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Coastal and Estuarine Research Federation 20th Biennial ConferenceEstuaries and Coasts in a Changing World1-5 November 2009, Portland, Oregon, USA

Topic: Physical

SCI-213: Physical Modeling of Coastal Systems (Poster Only)

SCI-018: Estuarine Sedimentary Processes and Products.

Conveners: Timothy Dellapenna (dellapet@tamug.edu) and Carl Friedrichs (cfried@vims.edu)

Estuaries tend to be some of the most dynamic marine sedimentary systems. The effects and products of these processes are manifest in a wide variety of manners. This session will broadly focus on the link between sedimentary process and product, with special emphasis on mechanism of sediment deposition, erosion, sediment mixing and record of processes in modern strata; and the link between sedimentary processes and benthic habitats.

SCI-021: Exploring the Linkages between Nearshore Oceanography and Onshore Benthic Environments.

Conveners: Sarah Dudas (Sarah.Dudas@science.oregonstate.edu) and Brock Woodson (cwoodson@hawaii.edu)

Investigating the linkages between nearshore oceanography and onshore benthic communities is crucial for understanding ecological patterns, and the impact of larger scale influences (i.e., climate change) on marine ecosystems. These linkages include but are not limited to: larval dispersal, population replenishment (i.e., settlement and recruitment to adult populations), and population connectivity; and span several disciplines such as oceanography, ecology, genetics, physiology and biogeography. The goal of this session is to bring together scientists working in all of these fields, in a variety of habitats (e.g., estuaries, open coast), to share the latest advancements in establishing these linkages and generate new ideas and collaborations.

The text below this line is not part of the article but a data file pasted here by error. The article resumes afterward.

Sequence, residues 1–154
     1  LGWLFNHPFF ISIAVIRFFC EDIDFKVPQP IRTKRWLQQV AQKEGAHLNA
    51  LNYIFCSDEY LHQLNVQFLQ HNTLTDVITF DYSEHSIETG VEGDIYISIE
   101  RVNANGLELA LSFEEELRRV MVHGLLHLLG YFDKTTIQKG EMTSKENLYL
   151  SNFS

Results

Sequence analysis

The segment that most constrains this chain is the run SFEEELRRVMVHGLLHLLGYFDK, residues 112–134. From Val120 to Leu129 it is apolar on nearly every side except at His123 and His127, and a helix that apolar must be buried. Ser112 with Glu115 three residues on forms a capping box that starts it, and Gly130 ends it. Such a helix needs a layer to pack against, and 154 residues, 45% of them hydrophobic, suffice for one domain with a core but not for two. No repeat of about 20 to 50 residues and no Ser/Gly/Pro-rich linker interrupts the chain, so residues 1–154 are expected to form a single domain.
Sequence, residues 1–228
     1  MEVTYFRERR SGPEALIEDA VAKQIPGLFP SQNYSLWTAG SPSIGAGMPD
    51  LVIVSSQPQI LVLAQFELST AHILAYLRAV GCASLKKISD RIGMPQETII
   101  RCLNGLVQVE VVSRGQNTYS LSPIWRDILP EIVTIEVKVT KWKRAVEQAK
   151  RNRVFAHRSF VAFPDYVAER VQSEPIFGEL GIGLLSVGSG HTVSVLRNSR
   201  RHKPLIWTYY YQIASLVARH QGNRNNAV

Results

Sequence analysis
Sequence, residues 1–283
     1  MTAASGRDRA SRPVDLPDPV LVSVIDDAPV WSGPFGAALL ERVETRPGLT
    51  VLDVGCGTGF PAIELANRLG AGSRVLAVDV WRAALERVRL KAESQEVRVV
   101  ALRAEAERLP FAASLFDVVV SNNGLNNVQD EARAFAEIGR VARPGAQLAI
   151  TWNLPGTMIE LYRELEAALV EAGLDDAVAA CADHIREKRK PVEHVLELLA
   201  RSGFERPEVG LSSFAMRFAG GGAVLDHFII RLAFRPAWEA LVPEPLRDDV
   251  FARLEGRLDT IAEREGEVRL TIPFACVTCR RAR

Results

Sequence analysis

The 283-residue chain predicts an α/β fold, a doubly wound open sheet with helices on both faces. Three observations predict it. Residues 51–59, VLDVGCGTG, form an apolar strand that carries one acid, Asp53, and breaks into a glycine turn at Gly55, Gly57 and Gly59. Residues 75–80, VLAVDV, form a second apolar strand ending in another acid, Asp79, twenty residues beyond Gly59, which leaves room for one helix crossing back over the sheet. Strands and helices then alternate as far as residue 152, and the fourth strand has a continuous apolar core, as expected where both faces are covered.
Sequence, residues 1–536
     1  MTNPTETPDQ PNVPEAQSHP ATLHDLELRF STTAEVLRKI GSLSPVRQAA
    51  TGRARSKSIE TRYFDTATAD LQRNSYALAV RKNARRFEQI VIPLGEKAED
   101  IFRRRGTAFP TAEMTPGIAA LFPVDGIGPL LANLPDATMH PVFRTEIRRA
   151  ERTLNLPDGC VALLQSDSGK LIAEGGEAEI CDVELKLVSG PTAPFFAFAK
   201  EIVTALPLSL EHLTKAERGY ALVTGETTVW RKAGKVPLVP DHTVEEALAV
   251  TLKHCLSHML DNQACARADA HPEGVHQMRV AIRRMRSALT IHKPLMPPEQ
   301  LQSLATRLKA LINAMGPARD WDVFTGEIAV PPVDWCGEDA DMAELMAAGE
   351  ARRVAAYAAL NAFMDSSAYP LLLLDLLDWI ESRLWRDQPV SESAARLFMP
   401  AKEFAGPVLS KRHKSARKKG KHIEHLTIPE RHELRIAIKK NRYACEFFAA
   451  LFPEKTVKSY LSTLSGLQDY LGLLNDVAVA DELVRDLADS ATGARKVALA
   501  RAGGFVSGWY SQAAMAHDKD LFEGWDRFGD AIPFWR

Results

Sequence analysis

SCI-070: Hydrologic Prediction in Estuaries and Coastal Ecosystems.

Conveners: William Nuttle (chant@marine.rutgers.edu) and Jaye Cable (jcable@lsu.edu)

Hydrology defines estuaries. Many changes that occur in estuarine and coastal systems are related to, and can be predicted from, variation and change in their hydrologic regime. These include change and variation in water quality, fisheries, wetland habitat and other ecological characteristics. This session will explore the mechanisms by which variable hydrologic processes drive change in estuarine and coastal ecosystems. Also, we invite presentations that illustrate how hydrologic information can be used to predict the response of estuarine and coastal ecosystems to a changing world.

SCI-031: Parameterizing Estuarine Variability.

Conveners: Rocky Geyer (rgeyer@whoi.edu), Parker  MacCready (parker@ocean.washington.edu), Dave Ralston (dralston@whoi.edu) and Jim Lerczak (jlerczak@coas.oregonstate.edu)